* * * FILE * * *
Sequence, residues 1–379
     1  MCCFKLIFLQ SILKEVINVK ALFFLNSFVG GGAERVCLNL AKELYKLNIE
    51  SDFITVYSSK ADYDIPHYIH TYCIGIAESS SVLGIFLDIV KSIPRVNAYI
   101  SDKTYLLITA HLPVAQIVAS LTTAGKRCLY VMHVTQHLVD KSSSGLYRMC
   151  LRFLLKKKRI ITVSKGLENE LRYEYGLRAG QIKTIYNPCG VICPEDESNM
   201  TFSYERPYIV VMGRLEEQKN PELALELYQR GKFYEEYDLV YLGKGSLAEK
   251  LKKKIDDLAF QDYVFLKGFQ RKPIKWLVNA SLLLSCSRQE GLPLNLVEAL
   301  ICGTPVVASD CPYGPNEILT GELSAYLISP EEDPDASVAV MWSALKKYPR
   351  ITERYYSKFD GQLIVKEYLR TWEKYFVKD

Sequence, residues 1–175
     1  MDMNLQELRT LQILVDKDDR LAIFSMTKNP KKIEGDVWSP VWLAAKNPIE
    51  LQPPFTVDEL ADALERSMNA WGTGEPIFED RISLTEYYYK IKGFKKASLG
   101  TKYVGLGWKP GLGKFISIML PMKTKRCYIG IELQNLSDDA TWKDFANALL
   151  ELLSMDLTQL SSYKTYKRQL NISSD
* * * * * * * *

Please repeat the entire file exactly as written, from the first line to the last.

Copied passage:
Sequence, residues 1–379
     1  MCCFKLIFLQ SILKEVINVK ALFFLNSFVG GGAERVCLNL AKELYKLNIE
    51  SDFITVYSSK ADYDIPHYIH TYCIGIAESS SVLGIFLDIV KSIPRVNAYI
   101  SDKTYLLITA HLPVAQIVAS LTTAGKRCLY VMHVTQHLVD KSSSGLYRMC
   151  LRFLLKKKRI ITVSKGLENE LRYEYGLRAG QIKTIYNPCG VICPEDESNM
   201  TFSYERPYIV VMGRLEEQKN PELALELYQR GKFYEEYDLV YLGKGSLAEK
   251  LKKKIDDLAF QDYVFLKGFQ RKPIKWLVNA SLLLSCSRQE GLPLNLVEAL
   301  ICGTPVVASD CPYGPNEILT GELSAYLISP EEDPDASVAV MWSALKKYPR
   351  ITERYYSKFD GQLIVKEYLR TWEKYFVKD

Sequence, residues 1–175
     1  MDMNLQELRT LQILVDKDDR LAIFSMTKNP KKIEGDVWSP VWLAAKNPIE
    51  LQPPFTVDEL ADALERSMNA WGTGEPIFED RISLTEYYYK IKGFKKASLG
   101  TKYVGLGWKP GLGKFISIML PMKTKRCYIG IELQNLSDDA TWKDFANALL
   151  ELLSMDLTQL SSYKTYKRQL NISSD